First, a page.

The net benefit of this higher short-term success and larger acute lumen diameter was obtained without increasing short-term complications. The incidence of death (0% versus 0.4%; P=.25), Q-wave MI (2.0% versus 1.2%; P=.45), emergency surgery (1.0% versus 2.0%; P=.21), or any of these major complications (2.8% versus 3.3%; P=.60) was no greater for patients assigned to DCA than for those assigned to PTCA. The only complication that was significantly greater in the DCA arm was the incidence of CPK-MB elevations after otherwise successful procedures. It has been recognized that such elevations of CPK-MB are common (they occur in up to 30% of patients) after DCA and other atherectomy procedures,1 16 but they are typically of low order (<3× normal). The systematic collection of CPK and CPK-MB data for each patient in BOAT showed the expected higher incidence of any CPK elevation with DCA (34% versus 14%; P<.0001) and CPK-MB elevation >3× normal (16% versus 6%; P<.0001), as had been reported in the randomized CAVEAT study (19% versus 8%).
In the prior CAVEAT study, patients who were randomized to DCA had a higher 1-year mortality rate than those randomized to PTCA (2.2% versus 0.6%; P=.035),13 which along with other retrospective studies of periprocedural creatine kinase elevation17 18 19 20 has raised concern about potential late deleterious consequences of DCA. The BOAT data differ from CAVEAT, however, in that the mortality rate at 1 year was actually somewhat lower in the DCA arm (0.6% versus 1.6%), owing both to lower 30-day mortality rates (0.0% versus 0.4%) and lower late-term mortality rates (0.6% versus 1.2%). There is thus no suggestion from BOAT that the “optimal” directional atherectomy technique is associated with any deleterious effect on 1-year survival. In fact, had creatine kinase elevations been causally related to late death, their twofold higher incidence in the DCA arm should have been associated with a higher (not the observed lower) incidence of 1-year mortality. Nor is there any suggestion (within the limits of a 1000-patient trial and 1-year follow-up) that low-order elevations in postprocedural CPK had any deleterious effect, given the similar 1-year mortality rates for patients with (1.2%) and without (1.0%) such elevations.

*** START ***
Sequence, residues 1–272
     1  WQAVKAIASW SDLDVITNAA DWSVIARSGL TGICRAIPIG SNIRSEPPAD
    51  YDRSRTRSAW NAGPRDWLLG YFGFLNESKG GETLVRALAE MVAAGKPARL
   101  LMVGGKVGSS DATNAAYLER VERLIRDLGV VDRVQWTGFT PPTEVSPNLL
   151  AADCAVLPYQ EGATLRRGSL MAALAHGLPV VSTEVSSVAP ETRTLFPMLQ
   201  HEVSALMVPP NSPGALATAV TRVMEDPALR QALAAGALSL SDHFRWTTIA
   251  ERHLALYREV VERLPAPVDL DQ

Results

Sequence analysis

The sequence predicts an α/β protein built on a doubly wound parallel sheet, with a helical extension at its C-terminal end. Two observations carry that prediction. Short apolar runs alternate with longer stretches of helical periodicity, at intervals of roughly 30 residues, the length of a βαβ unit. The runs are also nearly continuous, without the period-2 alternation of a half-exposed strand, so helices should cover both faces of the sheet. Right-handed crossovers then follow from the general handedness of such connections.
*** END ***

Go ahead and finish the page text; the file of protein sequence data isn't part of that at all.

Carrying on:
Mechanism of Restenosis Reduction